Ryne Sandberg remembers too well how fast a winning window can close

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Ryne Sandberg prepares to belt a home run during the “Sandberg Game” of 1984.

Taking in a game in Wrigley Field’s bleachers recently, Hall of Famer Ryne Sandberg thought back to 1984, a glorious year in which — at the tender age of 24 — he broke out as National League MVP and the Cubs broke through with their first postseason appearance in nearly four decades.

“What a time that was,” said Sandberg, now 57 and enjoying the role of Cubs ambassador. “It’s a time in your life when anything seems possible.”

The young Cubs who played leading roles in last season’s World Series victory surely can relate. And why not? The baseball gods seem to have created a window for them to chase championships together for years on end.

The 2017 campaign has been disappointing, frustrating, difficult; when the Cubs haven’t been running in place, they’ve been hocking loogies into the wind. Yet here they are — hanging on to first place in the NL Central heading into a weekend series at Arizona and, thus, still very much alive. And if it all comes crumbling down around them? There’s always next year.

That’s what Sandberg figured after the October heartbreak of ’84, when the Cubs blew a 2-0 series lead over the Padres in the NL Championship Series.

“I was young and probably somewhat naïve at the time,” he said. “I thought with that club, we’d come back and have two or three other chances to get back to the postseason. As it turned out in ’85, into the early part of June, we were in first place. We’d picked it right back up where we’d left off.”

It’s easy to forget that the 1985 Cubs were 16 games above .500, with a four-game lead in the NL East, in mid-June. But then the wheels fell off: They smacked head-on into a 13-game losing streak, later had a 1-10 stretch in July and finished 77-84. As Sandberg recalls all too well, injuries to their pitching rotation — only Dennis Eckersley made as many as 25 starts — came one after another.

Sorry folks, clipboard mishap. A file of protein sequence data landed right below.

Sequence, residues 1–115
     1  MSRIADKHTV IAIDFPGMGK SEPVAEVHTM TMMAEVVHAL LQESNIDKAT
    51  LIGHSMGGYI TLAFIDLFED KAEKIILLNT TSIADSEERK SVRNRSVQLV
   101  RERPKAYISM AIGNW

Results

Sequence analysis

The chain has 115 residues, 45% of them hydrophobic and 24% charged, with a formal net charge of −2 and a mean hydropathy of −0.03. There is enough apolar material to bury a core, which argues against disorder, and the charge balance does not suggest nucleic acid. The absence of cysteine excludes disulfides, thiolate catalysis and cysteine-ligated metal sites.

“Everything changed after that,” he said.

The Cubs of ’84 had Sandberg, catcher Jody Davis, first baseman Leon Durham and center fielder Bob Dernier all 27 (at the start of the season) or younger. Also in their 20s were starting pitchers Eckersley, Rick Sutcliffe, Steve Trout and Scott Sanderson.

Alas, when the Cubs were playoff-good again in 1989, only Sandberg, Sutcliffe and Sanderson remained. The lesson?

“You can’t take anything for granted in this game,” Sandberg said. “You have to win when you have the chance.”

On to the rest of this week’s One Through Nine:

2 Sandberg nevertheless is a big believer in the size of the championship window for the current Cubs: “From a core-group standpoint, I see a six- to eight-year opportunity to be in the playoffs. That means a chance to win multiple World Series.”

3 The 2015 Cubs finished the regular season on a 45-18 tear, yet they had a trio of three-game losing streaks and one four-gamer in that stretch. Last year’s Cubs finished 44-18, but there was a 5-7 period in there when things got just a tiny bit wobbly.

So, you know, no big deal — maybe? — that the Cubs are in a 2-6 slide.

4 One wonders if anyone with the Cubs has had the good sense to advise veteran catcher Alex Avila — the man in the spotlight with Willson Contreras on the shelf for perhaps a month or longer — to “try not to suck.”

Hey, these things are important.

5 Not for nothin’: Victor Caratini, the catcher who was shipped down to Class AAA to clear a space for Avila, hit .370 with two homers in seven games after rejoining his Iowa teammates. Caratini didn’t do much in his first, all-too-brief stint with the Cubs, but he has a season average of .344 at Iowa. Shouldn’t we be taking the guy more seriously?

6 Friday’s Cubs starter, John Lackey, is 4-0 with a 3.00 ERA since the All-Star break. It’s his first four-start winning streak since 2011. Who says this old dude won’t be right in the thick of things when he turns 39 in late October?

7 Perspective check: The Cubs are eighth in ESPN’s latest MLB power rankings. They’re also eighth in CBS’ and Rotoworld’s, and ninth in Bleacher Report’s. You know, for what it’s worth.

8 The headline of the week, brought to you by Sports On Earth: “Are the 2017 Dodgers the best team in MLB history?”

They entered Thursday night’s game at Arizona with a .708 winning percentage, on pace for 115 victories — one shy of the 162-game mark set by the 2001 Mariners. No doubt still chuckling at that cute little achievement are the 1906 Cubs, who won 116 out of a mere 152 games.

Of course, neither those Cubs nor those Mariners went on to win the World Series. That probably disqualifies both teams from the best-ever conversation, which brings us back to these Dodgers: Too soon, everybody. Wayyy too soon.

9 We see you, too, White Sox fans. How ’bout Yoan Moncada’s August? He’s 7-for-18 (.389), with seven walks and a ridiculous .580 on-base percentage, entering Thursday night’s game against the Astros. It’s not only OK to ignore the team’s record and be excited. It’s encouraged.

Follow me on Twitter @SLGreenberg.

Email: sgreenberg@suntimes.com


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